What we contemplate mentally, we cultivate mentally

Suppose we have a garden. We will be careful about what we cultivate there. And we certainly wouldn’t intentionally cultivate weeds or toxic plants. 

Unfortunately, we aren’t so careful about what we cultivate in our inner garden: our mind. We are careless because the inner garden is subtle, as are the seeds that grow there: our thoughts. 

Whereas seeds need to be cultivated by providing physical resources such as water, sunlight and nutrients, thought-seeds require just one resource: contemplation. The Bhagavad-gita (02.62-63) outlines how contemplation causes a tiny thought to grow, becoming invested with emotion and desire, till it impels us to action that can be irrational and self-destructive. 

Something is always growing inside us, for we are always thinking of something. And it’s growing because we are thinking about it. We can’t stop thinking, that’s why we need to start thinking seriously about what we are thinking. If we are inattentive, we are unwittingly giving our attention to the object that distracts us, thereby cultivating thoughts about it within us. When we thus thoughtlessly cultivate the trivial, the sensual, the immoral, those thought-seeds gradually grow up to fill our entire consciousness. We end up unable to stop thinking of things that we had earlier never spared even a thought for. We end up doing things that we would have earlier never ever considered doing. And if we do those things repeatedly, we end up addicted.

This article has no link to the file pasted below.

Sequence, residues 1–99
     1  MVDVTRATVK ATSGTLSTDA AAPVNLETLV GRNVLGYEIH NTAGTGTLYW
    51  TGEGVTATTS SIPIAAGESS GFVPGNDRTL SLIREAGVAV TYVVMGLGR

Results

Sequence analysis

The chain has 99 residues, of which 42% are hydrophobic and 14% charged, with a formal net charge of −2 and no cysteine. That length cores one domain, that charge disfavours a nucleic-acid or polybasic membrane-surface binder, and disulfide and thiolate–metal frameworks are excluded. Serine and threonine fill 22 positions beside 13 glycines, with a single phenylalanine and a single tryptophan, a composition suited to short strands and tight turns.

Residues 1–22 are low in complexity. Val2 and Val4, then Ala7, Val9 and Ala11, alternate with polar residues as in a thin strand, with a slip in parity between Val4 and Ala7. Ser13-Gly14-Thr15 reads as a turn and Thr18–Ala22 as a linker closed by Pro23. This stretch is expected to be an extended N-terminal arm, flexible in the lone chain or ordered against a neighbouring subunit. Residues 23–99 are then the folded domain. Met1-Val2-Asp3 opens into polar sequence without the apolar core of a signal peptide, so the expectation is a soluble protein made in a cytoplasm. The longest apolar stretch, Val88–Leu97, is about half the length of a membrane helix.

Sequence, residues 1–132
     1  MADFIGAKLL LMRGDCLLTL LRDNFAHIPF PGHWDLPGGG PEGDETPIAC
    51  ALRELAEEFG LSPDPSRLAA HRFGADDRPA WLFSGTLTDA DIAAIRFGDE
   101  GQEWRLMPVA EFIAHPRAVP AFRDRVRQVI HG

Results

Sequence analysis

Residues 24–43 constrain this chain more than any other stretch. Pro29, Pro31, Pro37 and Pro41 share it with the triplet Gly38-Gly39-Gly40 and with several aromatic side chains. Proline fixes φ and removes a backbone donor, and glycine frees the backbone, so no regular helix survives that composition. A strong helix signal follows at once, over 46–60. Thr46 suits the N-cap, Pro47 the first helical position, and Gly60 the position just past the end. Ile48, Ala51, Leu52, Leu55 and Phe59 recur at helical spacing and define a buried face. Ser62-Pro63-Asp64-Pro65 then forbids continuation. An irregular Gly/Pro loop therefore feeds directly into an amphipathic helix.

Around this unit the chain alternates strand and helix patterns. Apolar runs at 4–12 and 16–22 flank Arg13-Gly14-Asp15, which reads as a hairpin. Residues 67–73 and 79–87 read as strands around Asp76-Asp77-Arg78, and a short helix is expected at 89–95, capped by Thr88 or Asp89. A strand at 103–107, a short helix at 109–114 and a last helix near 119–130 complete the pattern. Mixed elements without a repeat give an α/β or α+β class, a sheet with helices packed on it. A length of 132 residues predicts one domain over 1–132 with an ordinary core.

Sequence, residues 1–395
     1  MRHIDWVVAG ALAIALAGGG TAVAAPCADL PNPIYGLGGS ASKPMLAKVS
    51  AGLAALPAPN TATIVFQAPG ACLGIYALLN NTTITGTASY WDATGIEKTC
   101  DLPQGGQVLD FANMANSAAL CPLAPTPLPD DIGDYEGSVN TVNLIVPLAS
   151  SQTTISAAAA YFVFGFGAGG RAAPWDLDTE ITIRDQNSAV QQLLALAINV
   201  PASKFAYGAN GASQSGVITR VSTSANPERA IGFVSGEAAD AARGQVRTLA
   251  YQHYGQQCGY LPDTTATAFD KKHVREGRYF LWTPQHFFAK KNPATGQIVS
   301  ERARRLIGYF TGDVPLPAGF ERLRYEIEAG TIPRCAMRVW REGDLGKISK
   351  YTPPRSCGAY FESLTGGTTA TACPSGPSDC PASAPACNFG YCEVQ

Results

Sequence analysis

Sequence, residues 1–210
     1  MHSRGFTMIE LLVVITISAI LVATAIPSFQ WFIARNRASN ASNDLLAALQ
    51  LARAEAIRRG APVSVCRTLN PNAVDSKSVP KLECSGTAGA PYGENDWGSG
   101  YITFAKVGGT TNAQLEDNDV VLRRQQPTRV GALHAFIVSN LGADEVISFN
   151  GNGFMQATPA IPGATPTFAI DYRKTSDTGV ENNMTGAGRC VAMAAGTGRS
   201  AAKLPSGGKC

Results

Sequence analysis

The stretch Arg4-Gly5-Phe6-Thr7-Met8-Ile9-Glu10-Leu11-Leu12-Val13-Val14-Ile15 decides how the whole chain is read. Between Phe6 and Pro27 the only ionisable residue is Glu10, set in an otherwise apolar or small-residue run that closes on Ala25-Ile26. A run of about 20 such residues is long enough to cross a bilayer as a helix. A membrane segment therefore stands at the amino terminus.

Thankfully, this principle of cultivation by contemplation also applies to positive thoughts. And this principle is fully leveraged by the time-tested process of bhakti-yoga, which centers on thinking about Krishna. Indeed, if we practice thinking of Krishna as a discipline, we will develop desire for him and eventually become absorbed in him (12.09).

By understanding the dynamics of our inner world, we can take responsibility to cultivate thoughts that are meaningful and fulfilling, not meaningless and agitating.  

Think it over:

  • How does contemplation cultivate our inner world?
  • How do we end up addicted to trivial things?
  • How does bhakti-yoga leverage the principle of cultivation by contemplation? 


02.62 While contemplating the objects of the senses, a person develops attachment for them, and from such attachment lust develops, and from lust anger arises.


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1 Comment

  1. MIND is imperceptible

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